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Most Northeast B.C. high schools near the bottom of Fraser Institute’s annual report card

VANCOUVER, B.C. – The Fraser Institute released its annual Report Card on British Columbia’s Secondary Schools today, which shows that high schools in Northeast B.C. and indeed most of Northern B.C. are lagging behind schools on the South Coast.

This year’s Report Card ranks 253 public and independent secondary schools based on seven academic indicators using student results from annual provincewide exams, grade-to-grade transition rates, and graduation rates. Of the top 50 schools in the ranking, 27 are independent schools and 23 are public schools, located in 26 different communities across the province.

North Peace Secondary School was the lone secondary school in School District #60 that was ranked by the think-tank, placing 227th out of 253. In the South Peace, Dawson Creek Secondary School saw one of the biggest improvements in its rating by the Fraser Institute, jumping from an average rating of 3.6 in the last five years to 6.0. DCSS placed 131st on this year’s ranking, while Chetwynd Secondary School finished third from last place, at the 250th spot. Fort Nelson Secondary School was also near the bottom of the list, ranking 242nd.

A graph showing the Fraser Institutes ratings of four high schools in Northeast B.C. over the past five years. Photo by The Fraser Institute.

“All too often, we hear excuses that public schools can’t compete with independent schools because of the communities and students that they serve, but that’s just not true—every school can improve and strive to rank higher than the year before,” said Peter Cowley, director of school performance studies at the Fraser Institute.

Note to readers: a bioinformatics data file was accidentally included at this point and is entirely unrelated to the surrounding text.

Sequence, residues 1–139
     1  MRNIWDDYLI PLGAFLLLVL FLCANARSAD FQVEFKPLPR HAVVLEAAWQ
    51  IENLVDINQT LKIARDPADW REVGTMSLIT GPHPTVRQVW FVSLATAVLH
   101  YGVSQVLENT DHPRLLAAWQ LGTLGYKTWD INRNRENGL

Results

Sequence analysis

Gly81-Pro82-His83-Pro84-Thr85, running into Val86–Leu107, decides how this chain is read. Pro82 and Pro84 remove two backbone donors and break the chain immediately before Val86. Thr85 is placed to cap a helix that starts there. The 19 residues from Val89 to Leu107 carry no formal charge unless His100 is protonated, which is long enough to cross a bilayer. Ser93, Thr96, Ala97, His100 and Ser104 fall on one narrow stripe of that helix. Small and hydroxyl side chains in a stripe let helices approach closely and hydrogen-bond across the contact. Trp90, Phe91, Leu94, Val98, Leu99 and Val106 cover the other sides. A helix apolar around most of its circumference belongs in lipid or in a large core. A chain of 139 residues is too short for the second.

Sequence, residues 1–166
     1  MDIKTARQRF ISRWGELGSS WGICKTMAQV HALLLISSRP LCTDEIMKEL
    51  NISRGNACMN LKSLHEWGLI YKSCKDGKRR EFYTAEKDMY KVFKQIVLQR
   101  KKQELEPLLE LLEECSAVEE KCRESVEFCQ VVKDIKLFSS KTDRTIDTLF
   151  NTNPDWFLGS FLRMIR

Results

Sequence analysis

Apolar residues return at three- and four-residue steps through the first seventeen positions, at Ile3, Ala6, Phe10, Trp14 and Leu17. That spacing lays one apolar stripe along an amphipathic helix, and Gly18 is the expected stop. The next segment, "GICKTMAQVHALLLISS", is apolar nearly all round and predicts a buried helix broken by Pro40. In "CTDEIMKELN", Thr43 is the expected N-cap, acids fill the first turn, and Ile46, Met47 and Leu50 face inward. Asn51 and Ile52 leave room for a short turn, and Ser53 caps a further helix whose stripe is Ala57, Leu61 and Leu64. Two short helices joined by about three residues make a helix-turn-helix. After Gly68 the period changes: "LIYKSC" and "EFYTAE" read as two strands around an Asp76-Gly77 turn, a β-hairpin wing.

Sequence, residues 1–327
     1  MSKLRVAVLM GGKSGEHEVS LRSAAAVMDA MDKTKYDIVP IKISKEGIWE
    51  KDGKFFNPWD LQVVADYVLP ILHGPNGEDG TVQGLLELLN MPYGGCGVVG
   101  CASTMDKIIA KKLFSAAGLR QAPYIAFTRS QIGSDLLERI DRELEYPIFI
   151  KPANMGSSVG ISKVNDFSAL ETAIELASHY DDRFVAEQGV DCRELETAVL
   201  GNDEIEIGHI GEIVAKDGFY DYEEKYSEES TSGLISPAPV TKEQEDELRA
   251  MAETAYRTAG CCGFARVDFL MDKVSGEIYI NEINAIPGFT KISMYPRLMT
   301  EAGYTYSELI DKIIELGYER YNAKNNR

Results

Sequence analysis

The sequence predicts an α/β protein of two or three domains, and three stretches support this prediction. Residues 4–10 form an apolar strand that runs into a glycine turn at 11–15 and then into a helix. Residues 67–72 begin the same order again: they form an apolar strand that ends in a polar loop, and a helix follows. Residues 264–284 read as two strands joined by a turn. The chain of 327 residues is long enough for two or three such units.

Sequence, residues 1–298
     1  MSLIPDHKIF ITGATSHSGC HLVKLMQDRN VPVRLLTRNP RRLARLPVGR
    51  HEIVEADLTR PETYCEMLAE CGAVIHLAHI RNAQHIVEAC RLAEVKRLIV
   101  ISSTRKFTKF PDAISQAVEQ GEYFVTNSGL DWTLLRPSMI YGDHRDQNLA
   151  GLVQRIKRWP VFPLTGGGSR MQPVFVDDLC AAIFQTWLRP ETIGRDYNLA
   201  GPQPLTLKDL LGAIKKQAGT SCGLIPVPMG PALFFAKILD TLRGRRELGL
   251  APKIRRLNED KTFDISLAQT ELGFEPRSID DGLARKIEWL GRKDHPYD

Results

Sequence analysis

This year, the Fraser Institute said that 34 schools showed statistically significant declines in performance over the past four years, while an equal number showed statistically significant improvement.

Notably, of the top 10 fastest-improving schools, six are located outside the Lower Mainland in Kitimat, Princeton, Prince Rupert, Trail, Terrace and Kamloops. Only one of the top 10 fastest-improving schools is located in Vancouver.

“This Report Card proves that improvement is possible in every corner of the province, in every type of school serving every type of student,” Cowley said. “Parents should use this Report Card every year to assess how their child’s school is doing, and when necessary, ask the principal how he or she plans to turn things around.”

For the complete results on all ranked schools, and to easily compare the performance of different schools, visit www.compareschoolrankings.org.

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